Although many people my age I talk to who are politically minded are distinctly anti-Labour, Brown has never been liked as a public figure and this is reduced simply to the fact that he appears entirely ‘not’ the sort of person to pin ideas of progressive ideology or aspiration to. From my point of view, that is his fundamental flaw. That, and him being in political terms too ‘left’ but thats not a general comment. The mood of people that I come across is one which conveys the sense that Labour’s long reign of governance is coming to an end. That said, the Tories are filling the void out of default, not out of genuine popularity I think. It’s the conversion of temporary advantage to relative permanent stability which Brown has failed to achieve, as you have said, and I hope that Cameron doesn’t make the same mistake (although I fear he is).

  8. Quite obviously, looks and charm and PR have always been important, but in the past, I think, one had to have a bit of substance.

  9. If Brown’s only problem was “likeability” then I think this would be serious, and probably terminal, but in a way it would be unfair. Friends who have met him (I never have) say he is in fact quite charming in friendly company. However he has some very fundamental problems:
    1. He finds it very difficult to make decisions
    2. He finds it very difficult to trust people unless they are in his inner circle.
    3. He finds it very difficult to delegate
    4. He cannot communicate an inspiring vision.
    5. He does seem to believe in State Control, provided he is in control of the state.
    6. He un-necessarily alienates people.

    I don’t think anyone who knows him, however much they like him, would deny that he has these problems (though I have prudently refrained from asking the closer friends of his that I know). Any 2 of these problems would be very serious for a PM – all 6 are probably terminal, with or without the likeability factor.

  10. Terrific analysis Anthony-I agreed with it all -but for two caveats:-

    Your last paragraph is a bold one.The onset of the New Year clearly prompts a conclusion of some sort-but I will feel more certain about prospects for Brown after the Local Elections and six months distant from the frenetics of Nov/Dec. 2007

    I think you make a telling point about the average punter’s lack of understanding ( I would say interest in) of Policies-and reliance on gut impressions of personality. However I do think there is a ” what affects me” factor at work as well.Obviously this varies across regions communities , social groups and individuals-but it is there and sometimes it coalesces into a nationwide feeling-either positive or negative. I think GB has a couple of these growing just now-both negative.

    Can’t wait for your Cameron analysis !

  11. Anthony,

    As you are pretty close to what I put in my last post on labour closing the gap, you won’t be surprised that i tend to agree with you.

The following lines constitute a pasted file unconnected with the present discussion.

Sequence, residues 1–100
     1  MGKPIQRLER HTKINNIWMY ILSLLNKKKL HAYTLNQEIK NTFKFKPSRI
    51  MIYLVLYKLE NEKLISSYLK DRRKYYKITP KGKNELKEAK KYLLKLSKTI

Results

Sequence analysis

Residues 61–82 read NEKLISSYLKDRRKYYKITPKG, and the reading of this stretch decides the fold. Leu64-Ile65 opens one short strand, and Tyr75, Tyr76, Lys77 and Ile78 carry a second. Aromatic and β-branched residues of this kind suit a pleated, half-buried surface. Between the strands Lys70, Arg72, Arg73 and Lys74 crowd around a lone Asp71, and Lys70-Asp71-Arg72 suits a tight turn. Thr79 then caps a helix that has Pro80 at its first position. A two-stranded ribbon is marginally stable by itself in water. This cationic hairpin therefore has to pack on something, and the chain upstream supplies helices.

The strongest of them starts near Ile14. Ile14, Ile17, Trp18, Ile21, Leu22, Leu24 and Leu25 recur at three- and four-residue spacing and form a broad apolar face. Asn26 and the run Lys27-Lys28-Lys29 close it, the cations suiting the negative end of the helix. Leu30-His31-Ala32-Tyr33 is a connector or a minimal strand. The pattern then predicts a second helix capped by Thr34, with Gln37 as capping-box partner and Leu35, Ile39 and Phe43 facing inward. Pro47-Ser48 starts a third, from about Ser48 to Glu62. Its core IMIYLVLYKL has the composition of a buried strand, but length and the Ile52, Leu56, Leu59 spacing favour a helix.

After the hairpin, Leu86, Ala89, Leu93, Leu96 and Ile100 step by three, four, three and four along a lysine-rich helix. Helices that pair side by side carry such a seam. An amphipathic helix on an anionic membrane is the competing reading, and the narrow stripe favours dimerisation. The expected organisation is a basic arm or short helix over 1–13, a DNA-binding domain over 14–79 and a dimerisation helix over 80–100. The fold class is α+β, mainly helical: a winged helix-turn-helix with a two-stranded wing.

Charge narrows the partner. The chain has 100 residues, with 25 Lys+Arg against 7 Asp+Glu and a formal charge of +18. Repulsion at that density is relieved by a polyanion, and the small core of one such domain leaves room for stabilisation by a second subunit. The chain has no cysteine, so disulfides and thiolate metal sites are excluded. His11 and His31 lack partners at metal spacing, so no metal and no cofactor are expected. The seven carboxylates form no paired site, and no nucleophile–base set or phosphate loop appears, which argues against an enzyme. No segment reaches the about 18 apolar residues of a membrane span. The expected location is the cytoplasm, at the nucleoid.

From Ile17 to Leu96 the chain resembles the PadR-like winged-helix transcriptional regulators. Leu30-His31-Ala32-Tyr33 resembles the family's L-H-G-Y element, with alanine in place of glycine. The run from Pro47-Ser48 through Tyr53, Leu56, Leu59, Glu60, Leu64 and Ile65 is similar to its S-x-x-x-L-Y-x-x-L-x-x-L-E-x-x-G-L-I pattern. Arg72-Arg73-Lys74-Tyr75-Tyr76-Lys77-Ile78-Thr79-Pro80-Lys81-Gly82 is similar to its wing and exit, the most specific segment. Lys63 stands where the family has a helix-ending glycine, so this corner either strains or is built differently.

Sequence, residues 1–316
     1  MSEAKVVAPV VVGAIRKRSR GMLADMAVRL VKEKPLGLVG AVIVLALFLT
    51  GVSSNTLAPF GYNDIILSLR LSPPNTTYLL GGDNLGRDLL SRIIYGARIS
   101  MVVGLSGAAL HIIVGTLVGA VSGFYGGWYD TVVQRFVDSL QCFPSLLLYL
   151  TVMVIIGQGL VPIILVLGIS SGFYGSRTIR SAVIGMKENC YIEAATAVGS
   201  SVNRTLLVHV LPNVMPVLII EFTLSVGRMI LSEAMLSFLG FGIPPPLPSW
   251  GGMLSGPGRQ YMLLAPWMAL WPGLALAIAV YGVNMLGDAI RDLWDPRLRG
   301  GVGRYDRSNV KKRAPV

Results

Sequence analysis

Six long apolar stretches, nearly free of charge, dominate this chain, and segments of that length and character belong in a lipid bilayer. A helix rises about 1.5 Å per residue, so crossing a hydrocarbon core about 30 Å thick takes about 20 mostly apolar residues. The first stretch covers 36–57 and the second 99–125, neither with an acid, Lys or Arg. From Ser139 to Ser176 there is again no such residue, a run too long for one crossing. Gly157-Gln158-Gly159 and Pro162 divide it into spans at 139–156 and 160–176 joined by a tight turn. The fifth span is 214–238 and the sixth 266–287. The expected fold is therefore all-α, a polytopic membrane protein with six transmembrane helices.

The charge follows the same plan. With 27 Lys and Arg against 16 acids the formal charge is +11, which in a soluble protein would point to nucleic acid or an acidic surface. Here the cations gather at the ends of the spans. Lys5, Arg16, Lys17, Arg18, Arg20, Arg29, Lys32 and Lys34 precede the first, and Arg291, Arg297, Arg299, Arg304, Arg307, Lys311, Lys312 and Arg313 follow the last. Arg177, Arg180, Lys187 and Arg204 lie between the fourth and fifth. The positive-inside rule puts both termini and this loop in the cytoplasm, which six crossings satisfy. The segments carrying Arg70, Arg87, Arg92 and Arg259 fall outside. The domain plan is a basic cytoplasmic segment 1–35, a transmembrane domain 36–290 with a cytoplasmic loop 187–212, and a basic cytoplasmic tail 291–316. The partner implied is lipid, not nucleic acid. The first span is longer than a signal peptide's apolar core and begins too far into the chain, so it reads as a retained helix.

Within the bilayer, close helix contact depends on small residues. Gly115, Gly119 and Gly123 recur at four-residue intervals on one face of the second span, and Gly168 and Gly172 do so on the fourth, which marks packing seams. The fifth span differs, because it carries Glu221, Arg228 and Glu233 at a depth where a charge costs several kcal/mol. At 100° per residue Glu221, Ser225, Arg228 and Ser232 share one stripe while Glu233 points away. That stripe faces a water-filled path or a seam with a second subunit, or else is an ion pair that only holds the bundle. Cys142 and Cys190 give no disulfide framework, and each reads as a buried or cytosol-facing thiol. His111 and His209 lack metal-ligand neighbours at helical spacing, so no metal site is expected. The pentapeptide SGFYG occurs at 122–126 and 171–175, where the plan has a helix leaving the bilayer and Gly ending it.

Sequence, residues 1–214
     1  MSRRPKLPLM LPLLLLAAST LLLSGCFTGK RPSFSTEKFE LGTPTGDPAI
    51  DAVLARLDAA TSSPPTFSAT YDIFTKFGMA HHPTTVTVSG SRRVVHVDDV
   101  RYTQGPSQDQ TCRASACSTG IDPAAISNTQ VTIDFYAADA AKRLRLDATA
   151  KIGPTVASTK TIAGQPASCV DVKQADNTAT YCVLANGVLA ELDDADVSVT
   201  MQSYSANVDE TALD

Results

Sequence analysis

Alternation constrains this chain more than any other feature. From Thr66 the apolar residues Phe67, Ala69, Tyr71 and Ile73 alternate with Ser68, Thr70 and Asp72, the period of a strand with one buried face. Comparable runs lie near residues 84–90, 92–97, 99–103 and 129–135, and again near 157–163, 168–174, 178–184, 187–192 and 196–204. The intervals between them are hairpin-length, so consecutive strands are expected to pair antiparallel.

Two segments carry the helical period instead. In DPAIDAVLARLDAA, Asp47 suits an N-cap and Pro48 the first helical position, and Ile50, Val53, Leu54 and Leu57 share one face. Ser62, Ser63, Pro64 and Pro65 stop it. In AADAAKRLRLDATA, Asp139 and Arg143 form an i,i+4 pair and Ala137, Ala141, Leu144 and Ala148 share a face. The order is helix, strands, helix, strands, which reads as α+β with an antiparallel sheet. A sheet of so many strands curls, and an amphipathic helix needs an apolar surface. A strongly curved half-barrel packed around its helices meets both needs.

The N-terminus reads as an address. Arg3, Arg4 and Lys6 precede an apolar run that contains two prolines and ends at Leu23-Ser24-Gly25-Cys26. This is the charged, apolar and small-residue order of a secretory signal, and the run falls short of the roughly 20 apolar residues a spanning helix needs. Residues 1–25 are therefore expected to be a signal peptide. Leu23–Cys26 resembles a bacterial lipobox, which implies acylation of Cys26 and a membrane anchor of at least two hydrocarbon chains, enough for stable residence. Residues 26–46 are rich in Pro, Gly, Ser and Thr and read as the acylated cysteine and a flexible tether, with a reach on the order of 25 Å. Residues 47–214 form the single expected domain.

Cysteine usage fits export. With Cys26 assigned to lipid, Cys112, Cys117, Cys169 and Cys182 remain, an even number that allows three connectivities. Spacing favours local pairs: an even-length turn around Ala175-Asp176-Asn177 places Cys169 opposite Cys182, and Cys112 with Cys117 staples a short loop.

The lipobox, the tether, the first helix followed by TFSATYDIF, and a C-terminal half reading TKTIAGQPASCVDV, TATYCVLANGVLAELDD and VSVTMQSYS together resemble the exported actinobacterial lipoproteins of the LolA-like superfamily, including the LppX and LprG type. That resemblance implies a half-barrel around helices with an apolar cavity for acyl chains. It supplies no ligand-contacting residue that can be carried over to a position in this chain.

What it does question is the methodology and rational of the YouGov panel, in that it is based on a group that on the basis of your assessment probably doesn’t reflect the general population at all.

    Maybe that’s the reason despite my repeated requests YouGov hasn’t done a megapoll… because it can’t. Even with 40,000 people in the panel the majority are so politicised that at the most you can put together 3-4,000.

    Those 2,500 sized polls are balanced and accurate but beyond that larger and with a self selecting panel you wouldn’t get any better results.

    As to GB and Labour, I think you are right as far as it goes. That’s not a criticism but rather that i think the regional differences and differences issue by issue are as important as party by party.

    So I’d for obvious reasons prefer it to focus on areas or issues rather than party.

    Having said that a fourth one on Scotland or the SNP wouldn’t go amiss.

    Peter.

  12. Anthony Wells

    I totally agree with your conclusions. Although you certainly don’t need to be a rocket scientist to come to them.

    My problem is whether David Cameron will do what needs to be done to sort this country out for the benefit of freedom prosperity and individual liberty. Firstly because I am not at all certain he wants or is designed to do such an almost impossible thing. Secondly because the British media and the big money corporate interests that control them, will not allow him to.

    The establishment even including the royal family did not like Thatcher or Thatcherism, to say the least. As Thatchers ideology was anti-establishment and far to close to the true wises of the British people, then they will ever allow again. How or why the establishment did put up with her for any amount of time at all, is still a mystery to me.

    The best I can come up with is that they never thought for one moment a women would win in the first place either by the party or the electorate.

    The Falklands war was devised and organized to destroy her, but unfortunately for them, the plan backfired big-time. Also they underestimated Thatchers ‘pig headedness’ or in other words her personal one track determination to do what she believed was right.

    Give Cameron half a term and I think we might all know the answers to these questions.

  13. “Brown is finished” – that could be one to drag back from the archives nearer to an election.

  14. NBeale – how likeable he is in person doesn’t really matter, since most people will never meet him in the flesh it’s how he comes across on telly. Tony Blair could have been an utter swine in private, what mattered was that he came across as a likeable, normal sort of guy in public.